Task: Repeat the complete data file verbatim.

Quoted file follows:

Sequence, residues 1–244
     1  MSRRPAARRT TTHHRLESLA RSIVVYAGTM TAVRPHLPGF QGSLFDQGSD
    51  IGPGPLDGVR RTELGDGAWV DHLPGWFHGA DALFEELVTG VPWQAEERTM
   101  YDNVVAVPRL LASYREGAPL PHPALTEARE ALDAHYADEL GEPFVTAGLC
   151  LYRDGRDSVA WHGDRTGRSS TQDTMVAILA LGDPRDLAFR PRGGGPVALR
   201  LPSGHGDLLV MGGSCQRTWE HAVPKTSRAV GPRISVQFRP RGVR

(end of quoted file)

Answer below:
Sequence, residues 1–244
     1  MSRRPAARRT TTHHRLESLA RSIVVYAGTM TAVRPHLPGF QGSLFDQGSD
    51  IGPGPLDGVR RTELGDGAWV DHLPGWFHGA DALFEELVTG VPWQAEERTM
   101  YDNVVAVPRL LASYREGAPL PHPALTEARE ALDAHYADEL GEPFVTAGLC
   151  LYRDGRDSVA WHGDRTGRSS TQDTMVAILA LGDPRDLAFR PRGGGPVALR
   201  LPSGHGDLLV MGGSCQRTWE HAVPKTSRAV GPRISVQFRP RGVR